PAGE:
So then, we can continue on as we have been and not make any changes in our behavior until we definitively prove the cause of global climate change and find ourselves in straits more dire than we are currently experiencing, or we can figure out how we’re going to adapt by finding solutions that are well-considered  and sustainable for all sectors of society.  What would you rather do?

When homo sapiens is gone, fish will once again rule the world!!

Phineas F. A. Pickerel

Evidence that we are all fish on the inside.  A book by Neil Shubin:

Your Inner Fish: A Journey into the 3.5-Billion-Year History of the Human Body

With a smirk on my scaly face,

Phineas F. A. Pickerel

On Saturday, March 29, 2008, Earth Hour invites people around the world to turn off their lights for one hour,  from 8:00pm to 9:00pm in their local time zone. Today, cities around the world, including Copenhagen, Chicago, Melbourne, Dubai, and Tel Aviv, will hold events to acknowledge their commitment to energy conservation.

What’s your carbon footprint?: Carbon Calculator,

Jump in the Water is Fine,

Brooke Trout

Hope you’re enjoying the jellybeans, chocolate eggs, and peeps, along with any get-togethers you may have with family and friends. It’s a beautiful, sunny Easter in Morrison County – just the respite we needed after the snow.

Even a fish needs a holiday once in a while,

Phineas F. A. Pickerel

I’ve taken a couple of trips to the Twin Cities lately.  For those of you unfamiliar with our Minnesota lingo, the term ‘Twin Cities’ refers to Minneapolis and St. Paul, which are joined at the hip physically, but have distinct personalities.

On I-94, going south, I saw a billboard near Rogers.  It’s a simple billboard, with a picture of Al Gore and the words:  “an inconvenient truth: Gore Lies, Gets Nobel Prize?”  The billboard is sponsored by GlobalClimateScam.com.  I suppose they think the question mark gets them off the hook for libel.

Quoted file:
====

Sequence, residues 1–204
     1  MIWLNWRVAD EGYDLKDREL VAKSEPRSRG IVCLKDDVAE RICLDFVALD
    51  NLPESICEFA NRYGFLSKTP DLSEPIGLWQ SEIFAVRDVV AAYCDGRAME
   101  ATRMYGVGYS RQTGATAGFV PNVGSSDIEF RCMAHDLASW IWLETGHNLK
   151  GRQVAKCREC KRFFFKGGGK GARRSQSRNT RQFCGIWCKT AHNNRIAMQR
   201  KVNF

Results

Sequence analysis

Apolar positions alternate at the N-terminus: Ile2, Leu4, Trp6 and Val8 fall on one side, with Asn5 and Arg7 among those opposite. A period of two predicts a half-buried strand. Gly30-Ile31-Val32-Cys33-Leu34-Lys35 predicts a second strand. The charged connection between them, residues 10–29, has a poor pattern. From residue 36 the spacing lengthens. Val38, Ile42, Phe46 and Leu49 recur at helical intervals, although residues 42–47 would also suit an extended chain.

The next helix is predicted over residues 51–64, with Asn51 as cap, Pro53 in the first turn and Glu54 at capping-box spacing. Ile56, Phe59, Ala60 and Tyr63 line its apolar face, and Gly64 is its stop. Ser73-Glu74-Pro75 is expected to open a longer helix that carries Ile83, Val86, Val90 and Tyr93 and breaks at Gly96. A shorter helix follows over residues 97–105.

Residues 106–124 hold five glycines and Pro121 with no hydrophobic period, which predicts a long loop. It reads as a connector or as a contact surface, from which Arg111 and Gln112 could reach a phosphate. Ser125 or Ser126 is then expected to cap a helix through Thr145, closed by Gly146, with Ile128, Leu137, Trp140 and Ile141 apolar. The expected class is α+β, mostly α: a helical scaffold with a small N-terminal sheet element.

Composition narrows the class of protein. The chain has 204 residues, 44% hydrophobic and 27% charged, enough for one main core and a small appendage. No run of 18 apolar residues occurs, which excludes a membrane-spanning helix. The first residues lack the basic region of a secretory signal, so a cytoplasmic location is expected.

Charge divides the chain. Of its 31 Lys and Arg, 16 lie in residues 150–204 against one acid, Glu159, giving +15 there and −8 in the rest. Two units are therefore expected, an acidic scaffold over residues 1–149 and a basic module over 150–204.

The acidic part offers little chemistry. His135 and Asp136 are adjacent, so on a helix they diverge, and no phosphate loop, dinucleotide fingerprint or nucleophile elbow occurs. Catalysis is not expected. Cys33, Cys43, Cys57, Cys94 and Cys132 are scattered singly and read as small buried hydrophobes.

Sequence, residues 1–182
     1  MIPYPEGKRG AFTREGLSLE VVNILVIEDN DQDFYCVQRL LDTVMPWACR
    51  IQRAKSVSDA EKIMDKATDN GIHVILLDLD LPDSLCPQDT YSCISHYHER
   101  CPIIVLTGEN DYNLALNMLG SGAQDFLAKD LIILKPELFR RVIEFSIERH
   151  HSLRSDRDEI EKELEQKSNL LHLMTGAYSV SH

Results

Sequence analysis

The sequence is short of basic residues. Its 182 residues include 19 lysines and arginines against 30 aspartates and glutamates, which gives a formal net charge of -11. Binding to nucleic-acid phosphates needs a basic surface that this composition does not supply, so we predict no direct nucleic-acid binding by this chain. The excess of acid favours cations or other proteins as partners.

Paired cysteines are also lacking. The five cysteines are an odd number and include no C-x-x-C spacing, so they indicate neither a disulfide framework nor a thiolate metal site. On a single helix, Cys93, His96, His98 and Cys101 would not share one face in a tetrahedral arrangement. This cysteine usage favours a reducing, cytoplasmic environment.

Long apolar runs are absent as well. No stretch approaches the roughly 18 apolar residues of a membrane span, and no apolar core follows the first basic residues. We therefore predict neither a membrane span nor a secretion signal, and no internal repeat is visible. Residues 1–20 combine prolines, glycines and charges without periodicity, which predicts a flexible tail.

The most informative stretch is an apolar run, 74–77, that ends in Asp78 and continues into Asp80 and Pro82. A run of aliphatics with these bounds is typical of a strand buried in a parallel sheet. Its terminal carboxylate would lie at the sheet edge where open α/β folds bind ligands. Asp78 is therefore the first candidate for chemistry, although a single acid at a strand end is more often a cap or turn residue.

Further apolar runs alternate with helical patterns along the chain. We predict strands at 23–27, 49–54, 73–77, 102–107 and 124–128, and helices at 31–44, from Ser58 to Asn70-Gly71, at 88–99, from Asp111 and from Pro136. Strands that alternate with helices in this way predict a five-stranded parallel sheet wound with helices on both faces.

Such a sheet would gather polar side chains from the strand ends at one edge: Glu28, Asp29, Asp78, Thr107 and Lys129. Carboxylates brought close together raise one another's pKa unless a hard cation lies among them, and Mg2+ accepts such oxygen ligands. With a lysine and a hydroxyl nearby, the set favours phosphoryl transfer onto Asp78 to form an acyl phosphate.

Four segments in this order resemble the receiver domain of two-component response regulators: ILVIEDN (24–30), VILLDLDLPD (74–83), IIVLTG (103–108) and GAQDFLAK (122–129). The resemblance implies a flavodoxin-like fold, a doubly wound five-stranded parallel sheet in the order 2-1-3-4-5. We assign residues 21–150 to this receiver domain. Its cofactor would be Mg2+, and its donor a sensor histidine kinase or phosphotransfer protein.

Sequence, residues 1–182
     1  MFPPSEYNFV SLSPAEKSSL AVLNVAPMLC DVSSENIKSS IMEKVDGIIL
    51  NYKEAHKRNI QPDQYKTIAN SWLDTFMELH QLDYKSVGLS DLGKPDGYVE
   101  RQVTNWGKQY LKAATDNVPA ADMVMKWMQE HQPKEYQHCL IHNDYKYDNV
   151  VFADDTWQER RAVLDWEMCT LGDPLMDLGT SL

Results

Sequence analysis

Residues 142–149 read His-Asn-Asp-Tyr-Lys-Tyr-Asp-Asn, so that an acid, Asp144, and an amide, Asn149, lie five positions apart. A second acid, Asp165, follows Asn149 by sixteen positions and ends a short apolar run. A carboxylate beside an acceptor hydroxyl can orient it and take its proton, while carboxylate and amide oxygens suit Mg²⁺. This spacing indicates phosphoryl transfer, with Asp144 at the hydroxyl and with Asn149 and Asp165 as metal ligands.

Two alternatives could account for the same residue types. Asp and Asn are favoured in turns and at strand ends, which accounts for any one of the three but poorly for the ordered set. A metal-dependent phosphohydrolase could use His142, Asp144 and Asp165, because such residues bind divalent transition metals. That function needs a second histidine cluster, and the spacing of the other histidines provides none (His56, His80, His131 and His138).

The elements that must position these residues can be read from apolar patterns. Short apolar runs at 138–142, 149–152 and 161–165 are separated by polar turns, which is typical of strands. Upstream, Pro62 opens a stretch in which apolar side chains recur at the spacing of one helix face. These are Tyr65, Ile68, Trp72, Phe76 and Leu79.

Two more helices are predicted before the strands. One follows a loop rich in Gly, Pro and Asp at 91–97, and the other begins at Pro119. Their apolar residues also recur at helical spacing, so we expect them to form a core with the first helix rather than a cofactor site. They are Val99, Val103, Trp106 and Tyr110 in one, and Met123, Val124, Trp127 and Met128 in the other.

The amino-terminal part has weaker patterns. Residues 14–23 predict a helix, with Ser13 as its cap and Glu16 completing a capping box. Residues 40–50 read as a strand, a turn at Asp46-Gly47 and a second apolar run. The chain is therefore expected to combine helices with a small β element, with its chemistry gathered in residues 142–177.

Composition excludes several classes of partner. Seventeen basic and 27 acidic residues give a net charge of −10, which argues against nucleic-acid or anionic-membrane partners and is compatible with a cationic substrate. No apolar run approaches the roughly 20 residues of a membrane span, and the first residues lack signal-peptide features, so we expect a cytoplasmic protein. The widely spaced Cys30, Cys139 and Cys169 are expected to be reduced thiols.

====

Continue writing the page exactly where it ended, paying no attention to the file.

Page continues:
When I see something this blatantly accusatory, I’ve got to know who is behind it.  So, when I got home, I looked up GlobalClimateScam.com.  The purpose of the group is to debunk the role human activity plays in global warming.  From the group’s About page:

“Mankind has a moral obligation to be a responsible steward of God’s creation for the good of future generations.  Protecting and preserving our earth’s ecosystems must remain a high priority for citizens of every nation.

“However, we oppose the alarmist agenda employed by most global warming “evangelists.”  In many cases, their agendas are based upon questionable scientific data and erroneous claims about global climate change. They claim the “science is settled” when, in fact, it is not.  Scientists do not agree on the cause of climate change, the role of carbon dioxide (CO2), the degree to which man contributes to atmospheric CO2, and whether global warming is anything other than a naturally occurring phenomenon. 

“Global climate changes have been occurring for centuries.  Global warming is most likely occurring today.  But there is much evidence to suggest that temperature fluctuations are part of a natural cycle of climate change, not man-made causes.  To conclude that man bears the brunt of the blame for rising temperatures is morally irresponsible and politically reckless.  Nature itself produces the greatest contributions to climate change.”

Note the use of the words ‘mankind’ and ‘God’ and the complete absolution of human beings for causing global warming.  Sounds awfully neo-conservative to me.  I dug a little further, noting that GlobalClimateScam.com was sponsored by the Minnesota Majority.  Upon arriving at Minnesota Majority’s home page, I discovered that their tagline is “Standing Together for Traditional Values.”